This project examined the needs, preferences and interests of older consumers needing care and opportunities for the aged care service system to better respond to these consumers.
National aged care reforms and NDIS are changing the way home and community care services are funded, regulated and delivered. Consumers need to be supported in the transition period so that they can exercise choice and control and they have a voice in the reformed service system.
What were the project objectives?
The project sought to:
- examine the impacts of aged care reform on the design and delivery of aged care services
- examine the interests, needs and preferences of older Victorians needing care, with a particular focus on those who identify as Aboriginal and/or Torres Strait Islander, LGBTIQ, culturally and linguistically diverse and those living in regional and rural areas (defined as those from ‘thin markets’)
- identify options to strengthen the ability of the service system to respond to the interests, needs and preferences of older consumers, particularly those from thin markets.
What did the project involve?
Council on the Ageing Vic (COTA) led the project. Municipal Association of Victoria contributed to its development. The project commenced in 2016 and concluded in 2019.
The first stage of the project involved consultations with service providers, federal and state government and peak bodies to understand perceived impacts of the aged care reforms on service design and delivery, including for the Home and Community Care program in Victoria.
The second stage of the project commenced with a literature review on market-driven systems. The project then engaged numerous stakeholders – older community members needing care, family and friends of older people needing care and people with experience working in the aged care system – to discuss consumer needs, interests and preferences and identify options to promote consumer choice and control and to support consumers to navigate the service system. There was a focus on those groups from thin markets. Three ideas intended to better support older consumers to navigate the service system and/or promote their choice and control were tested and honed with consumers and a service provider.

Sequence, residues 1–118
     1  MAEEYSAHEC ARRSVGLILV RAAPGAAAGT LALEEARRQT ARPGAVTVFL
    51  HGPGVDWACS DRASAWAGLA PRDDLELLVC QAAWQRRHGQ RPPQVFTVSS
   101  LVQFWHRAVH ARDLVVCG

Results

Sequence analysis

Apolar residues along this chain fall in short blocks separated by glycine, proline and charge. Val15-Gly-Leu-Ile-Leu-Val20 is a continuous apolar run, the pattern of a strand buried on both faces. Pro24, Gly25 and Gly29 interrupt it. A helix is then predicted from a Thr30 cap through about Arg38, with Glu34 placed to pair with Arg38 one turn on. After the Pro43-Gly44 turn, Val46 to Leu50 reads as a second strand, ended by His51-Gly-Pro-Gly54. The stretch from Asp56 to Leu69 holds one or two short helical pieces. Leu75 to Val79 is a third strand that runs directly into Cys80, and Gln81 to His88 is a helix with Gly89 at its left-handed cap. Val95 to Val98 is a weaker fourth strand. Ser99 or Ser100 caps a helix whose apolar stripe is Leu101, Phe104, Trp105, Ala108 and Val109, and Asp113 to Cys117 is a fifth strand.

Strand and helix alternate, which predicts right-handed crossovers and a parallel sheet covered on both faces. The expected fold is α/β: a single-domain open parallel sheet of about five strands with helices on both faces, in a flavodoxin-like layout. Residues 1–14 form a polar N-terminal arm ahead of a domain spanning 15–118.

What did we learn?
The first stage of the project identified the need to strengthen consumer voices so that the aged care service system is better informed by consumer needs and preferences. It identified that many older consumers struggle to access the aged care service system – on entry and in navigating the system and utilising services. The reforms may result in service gaps for consumers in ‘thin’ or ‘niche’ markets, such as those living in rural and regional areas, people who identify as Aboriginal and/or Torres Strait Islander, culturally and linguistically diverse consumers and other consumers with particular support needs.
Several opportunities were identified, including improving public health awareness and supporting prevention and early intervention services and better supporting consumers to access and navigate the service system, with a particular focus on those from thin markets. Other opportunities included appropriate market monitoring and stewardship, improving providers’ financial sustainability and leveraging technology to support service delivery and promote consumer choice and control.
The second stage of the project found that older consumers need greater support from the outset to identify their needs, service options and appropriate providers so that they can make informed decisions and exercise choice and control. Information and support must be comprehensible, impartial and advisory and it should be delivered by not for profit or advocacy organisations, preferable those outside of the aged care service system.
Older consumers from thin markets want to engage service providers that communicate effectively, offer flexibility and build and maintain trust through interpersonal contact. Consumers want to have a genuine voice in service delivery and have opportunities to provide feedback on service provision and to change providers if required. Service providers should undergo cultural training in working with consumers from thin markets and this training should be co-designed with consumers.
Stakeholders involved in the project’s second stage supported two ideas for further development: an app to help consumers identify appropriate providers and assist them to navigate the service system and/or a local cooperative run by consumers and service providers staff to promote consumer choice and control.
Stakeholders reported that any solution should promote interaction, provide support before people are in crisis and be clear, easy to navigate and accessible from consumers’ homes. It should also be based on an understanding of consumer backgrounds and preferences and facilitate interpersonal contact.
This project was funded by State Trustees Australia Foundation
The Panel would like to acknowledge the consultant, Katelijne Lenaerts from Synergy Insights Consulting, for leading the co-design process.
For further information about the co-design process used in this project you can contact COTA Victoria on 03 9655 2100 or email firstname.lastname@example.org.